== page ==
As a member of the National Wildlife Federation, I was thrilled to be contacted recently to work on a post about seed grants from the Gray Family Foundation to 10 schools near where I live in the Portland area. While researching the article I discovered several cool programs students are working as they learn about the environment and sustainability.
Here’s a link to the post, “Green Schools in Oregon: Growing Trees and Trout.” The article also has links that lead to more information about great NWF programs such as Eco-Schools USA.
I recently updated the list of articles I have written that are available for reprint. Among the new titles I have added are one about great books to read to your child during Women’s History Month, how funny poems can inspire kids to read, and two personal essays: one about using my cat as a diet buddy and the other a letter to my younger self with advice on being a mom. Check out the whole list of articles available for reprint on literacy and other topics.
Adapting literary classics such as Jane Austen novels, Moby Dick, Wuthering Heights and more is a new trend among publishers. When New York Times reporter Julie Bosman wrote about this recently, she asked my opinion about how that may benefit babies. Read to the end of her story to find my quote.
When stories call for photos I can provide the images as well as the words. In this recent article for The Beaverton Leader I wrote about Cedar Mill Garden Club members creating fall arrangements with pumpkins and showed what some of those looked like.
Here are a few other recent photos I took to go along with articles:
The Sunset Swim Center parking lot got an environmentally friendly makeover.
Librarian Mark Richardson demonstrates how a media kit works.
Keller Williams employees volunteered for the Edwards Center.
I captured volunteers serving meals to the homeless in this photo for an article on the Cedar Mill Bible Church’s Jesus Table.
Recently The Oregonian began publishing the Beaverton Leader, which is distributed inside Wednesday’s edition of The Oregonian for subscribers living in the Beaverton area and is also available at news stands. I have written about local, Cedar Mill news weekly for The Oregonian as a freelance journalist since 2006, and I continue to submit articles to the Beaverton Leader. Here are links to a couple of recent articles published under my byline along with photos I took.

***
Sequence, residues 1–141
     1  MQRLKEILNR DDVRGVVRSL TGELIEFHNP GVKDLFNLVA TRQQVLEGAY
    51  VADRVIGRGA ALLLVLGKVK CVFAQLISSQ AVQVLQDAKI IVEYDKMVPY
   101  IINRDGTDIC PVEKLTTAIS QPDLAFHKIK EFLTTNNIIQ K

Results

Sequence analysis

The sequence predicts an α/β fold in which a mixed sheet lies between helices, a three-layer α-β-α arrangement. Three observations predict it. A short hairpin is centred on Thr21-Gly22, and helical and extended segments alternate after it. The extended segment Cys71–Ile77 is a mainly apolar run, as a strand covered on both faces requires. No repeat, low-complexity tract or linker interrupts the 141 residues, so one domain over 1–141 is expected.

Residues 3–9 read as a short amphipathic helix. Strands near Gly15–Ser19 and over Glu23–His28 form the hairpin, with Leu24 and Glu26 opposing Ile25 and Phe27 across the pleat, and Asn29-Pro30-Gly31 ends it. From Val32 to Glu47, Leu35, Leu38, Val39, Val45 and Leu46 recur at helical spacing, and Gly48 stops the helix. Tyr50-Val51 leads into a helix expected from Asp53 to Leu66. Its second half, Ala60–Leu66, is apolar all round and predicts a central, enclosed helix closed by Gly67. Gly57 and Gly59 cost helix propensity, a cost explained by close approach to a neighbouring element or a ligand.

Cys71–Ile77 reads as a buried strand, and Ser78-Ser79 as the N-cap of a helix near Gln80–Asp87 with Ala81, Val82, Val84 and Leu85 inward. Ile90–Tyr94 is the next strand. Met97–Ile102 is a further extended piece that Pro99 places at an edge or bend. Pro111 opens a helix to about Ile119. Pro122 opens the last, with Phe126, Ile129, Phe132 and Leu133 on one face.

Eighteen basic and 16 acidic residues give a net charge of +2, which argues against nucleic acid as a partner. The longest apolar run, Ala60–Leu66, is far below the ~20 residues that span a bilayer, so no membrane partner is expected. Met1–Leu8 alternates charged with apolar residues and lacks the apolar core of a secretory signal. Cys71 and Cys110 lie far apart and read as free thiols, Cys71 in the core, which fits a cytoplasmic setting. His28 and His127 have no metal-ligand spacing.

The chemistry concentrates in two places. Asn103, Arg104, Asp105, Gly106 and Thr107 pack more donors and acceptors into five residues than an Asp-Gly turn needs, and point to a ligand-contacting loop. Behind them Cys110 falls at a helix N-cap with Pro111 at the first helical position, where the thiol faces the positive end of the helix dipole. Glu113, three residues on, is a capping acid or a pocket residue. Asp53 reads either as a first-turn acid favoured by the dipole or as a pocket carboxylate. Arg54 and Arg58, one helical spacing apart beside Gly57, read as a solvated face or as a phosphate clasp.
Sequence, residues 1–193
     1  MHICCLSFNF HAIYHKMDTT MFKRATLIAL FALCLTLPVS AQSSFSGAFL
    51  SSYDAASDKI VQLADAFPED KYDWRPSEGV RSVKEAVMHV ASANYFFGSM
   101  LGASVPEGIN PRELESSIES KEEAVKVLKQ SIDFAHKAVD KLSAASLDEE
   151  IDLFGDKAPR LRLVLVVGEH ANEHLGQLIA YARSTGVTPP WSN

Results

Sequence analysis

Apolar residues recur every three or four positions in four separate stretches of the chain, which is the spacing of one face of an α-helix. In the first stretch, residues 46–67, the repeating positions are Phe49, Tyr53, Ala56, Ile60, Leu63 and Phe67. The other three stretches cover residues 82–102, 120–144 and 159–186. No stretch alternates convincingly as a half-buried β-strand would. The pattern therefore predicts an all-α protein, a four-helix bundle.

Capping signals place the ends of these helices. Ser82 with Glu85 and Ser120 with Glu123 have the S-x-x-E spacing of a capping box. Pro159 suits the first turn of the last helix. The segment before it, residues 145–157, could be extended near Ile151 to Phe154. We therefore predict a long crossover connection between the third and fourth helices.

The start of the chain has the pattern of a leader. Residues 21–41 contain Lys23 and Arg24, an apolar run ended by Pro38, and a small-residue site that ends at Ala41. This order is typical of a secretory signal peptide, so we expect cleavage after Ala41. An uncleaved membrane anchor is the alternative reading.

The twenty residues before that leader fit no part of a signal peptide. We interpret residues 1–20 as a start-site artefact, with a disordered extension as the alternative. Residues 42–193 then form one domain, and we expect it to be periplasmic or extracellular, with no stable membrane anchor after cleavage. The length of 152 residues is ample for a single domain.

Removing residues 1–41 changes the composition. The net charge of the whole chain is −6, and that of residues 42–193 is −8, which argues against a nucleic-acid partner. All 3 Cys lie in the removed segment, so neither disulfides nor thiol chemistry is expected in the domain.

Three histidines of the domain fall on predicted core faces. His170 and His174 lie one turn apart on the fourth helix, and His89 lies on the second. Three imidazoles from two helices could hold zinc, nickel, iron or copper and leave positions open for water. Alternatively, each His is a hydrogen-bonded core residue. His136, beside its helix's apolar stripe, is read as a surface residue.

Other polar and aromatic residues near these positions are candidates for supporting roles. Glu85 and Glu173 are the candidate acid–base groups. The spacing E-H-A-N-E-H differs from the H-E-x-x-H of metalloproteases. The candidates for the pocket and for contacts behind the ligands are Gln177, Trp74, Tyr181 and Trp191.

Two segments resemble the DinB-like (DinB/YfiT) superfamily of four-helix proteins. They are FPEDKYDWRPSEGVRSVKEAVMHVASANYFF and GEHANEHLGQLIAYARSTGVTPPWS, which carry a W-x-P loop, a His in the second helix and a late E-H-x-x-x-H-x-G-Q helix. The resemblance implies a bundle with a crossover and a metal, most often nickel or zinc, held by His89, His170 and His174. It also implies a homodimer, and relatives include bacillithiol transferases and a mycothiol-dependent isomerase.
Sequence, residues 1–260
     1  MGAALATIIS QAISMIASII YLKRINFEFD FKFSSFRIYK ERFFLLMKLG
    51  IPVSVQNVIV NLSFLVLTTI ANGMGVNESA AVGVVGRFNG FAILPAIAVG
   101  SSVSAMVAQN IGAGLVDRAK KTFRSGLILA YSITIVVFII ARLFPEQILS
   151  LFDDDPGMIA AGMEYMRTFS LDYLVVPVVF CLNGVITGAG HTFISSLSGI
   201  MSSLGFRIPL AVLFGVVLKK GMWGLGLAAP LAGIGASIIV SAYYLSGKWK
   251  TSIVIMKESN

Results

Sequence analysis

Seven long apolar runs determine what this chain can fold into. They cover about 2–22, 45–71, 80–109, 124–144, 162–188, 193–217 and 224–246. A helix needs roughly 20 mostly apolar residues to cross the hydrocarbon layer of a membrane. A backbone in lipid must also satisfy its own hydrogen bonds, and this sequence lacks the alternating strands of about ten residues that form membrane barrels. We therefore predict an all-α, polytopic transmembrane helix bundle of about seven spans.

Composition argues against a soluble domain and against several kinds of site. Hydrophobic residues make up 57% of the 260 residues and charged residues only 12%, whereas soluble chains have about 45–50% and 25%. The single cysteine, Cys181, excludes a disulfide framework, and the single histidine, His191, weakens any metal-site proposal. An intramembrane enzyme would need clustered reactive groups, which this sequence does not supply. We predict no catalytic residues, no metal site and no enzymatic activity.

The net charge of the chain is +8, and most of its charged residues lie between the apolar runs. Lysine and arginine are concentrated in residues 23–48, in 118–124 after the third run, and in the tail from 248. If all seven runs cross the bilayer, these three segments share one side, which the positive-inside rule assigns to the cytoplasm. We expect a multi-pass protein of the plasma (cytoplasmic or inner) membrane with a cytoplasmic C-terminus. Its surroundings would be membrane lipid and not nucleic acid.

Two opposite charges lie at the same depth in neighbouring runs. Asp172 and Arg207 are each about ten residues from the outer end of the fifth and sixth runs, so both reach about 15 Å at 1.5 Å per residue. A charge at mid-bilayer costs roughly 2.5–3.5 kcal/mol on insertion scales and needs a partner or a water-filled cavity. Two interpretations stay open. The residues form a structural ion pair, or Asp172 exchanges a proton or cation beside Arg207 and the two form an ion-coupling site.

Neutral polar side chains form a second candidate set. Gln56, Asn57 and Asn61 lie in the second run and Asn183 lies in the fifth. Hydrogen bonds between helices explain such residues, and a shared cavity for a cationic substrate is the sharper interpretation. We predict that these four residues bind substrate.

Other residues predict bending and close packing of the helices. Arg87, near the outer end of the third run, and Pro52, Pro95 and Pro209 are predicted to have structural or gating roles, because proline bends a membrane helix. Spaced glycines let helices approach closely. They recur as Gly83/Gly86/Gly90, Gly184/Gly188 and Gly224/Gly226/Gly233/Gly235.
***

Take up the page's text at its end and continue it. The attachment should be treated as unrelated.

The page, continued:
Edwards Center’s Aloha site benefits from red-letter volunteer day
Eagle Scout upgrades Beaverton playground
I’ve just made it easier for anyone looking to publish articles about family reading, activities to children, and more to learn about the articles I offer. You can find a complete list of available articles with a description and word count by visiting the Articles for Reprint page.
Jim Butler is a busy guy. He writes books, articles and more while holding down a full-time job in sales. Recently, I was challenged to write about this fascinating man for an article in The Oregonian.
Jim’s most recent success is his publication in a new anthology series, “Not Your Mother’s Book,” published by Publishing Syndicate. Two of his stories appeared in the title “Not Your Mother’s Book…On Being a Stupid Kid.”
Find out more about Jim, the new series and more by reading the article I wrote at OregonLive.com.
With Halloween coming up, many parents may be questioning whether their kids should be reading stories or watching movies that scare them. I wrote an article on this topic that was published in MetroKids of Philadelphia, titled, “I’ll Get You My Pretty! For Centuries Scary Stories Have Prepared Kids for the Real World.”
For the article I interviewed a former president of the American Psychological Association, a professor at the University of Wisconsin at Madison and an author who has won the Bram Stoker Award multiple times for his fiction. See what they have to say and check out a few recommended books for ages 4+ and 8 to 12 when you read the article.
With the release of J.K. Rowling’s new book for adults, The Casual Vacancy, conversations are undoubtedly occurring in homes everywhere between kids who want to read it and parents who may wonder if that’s such a good idea. I was recently quoted in an article on CNN.com on this topic, and here’s my general take on it.
If your teen wants to read it, it’s probably because she loves the Harry Potter series so much that she wants to read anything by the author who wrote it. I wouldn’t forbid my teen to read the book, but I would make sure she understands what it’s about and talk to her about why she wants to read it. You may want to sit with her and read a few online reviews at Amazon, Good Reads, or another source. If she still wants to read it, you may want to dive into it as well, so you can talk with her about the issues that come up.
Here are the titles of recent articles I have written for publication. Contact me at cindy(at)cindyhudson(dot)com for information on reprinting any of these or other articles:
- Eight Books Every Mom Should Read With Her Daughter
- Tips for REading Out Loud With Your Child
- Ten Kids Classics That Adults Will Love to Read Too
- Six Easy Steps to Turn a Backyard Scavenger Hunt Into a Citywide Adventure
- Six Steps to Starting a Mother-Daughter Book Club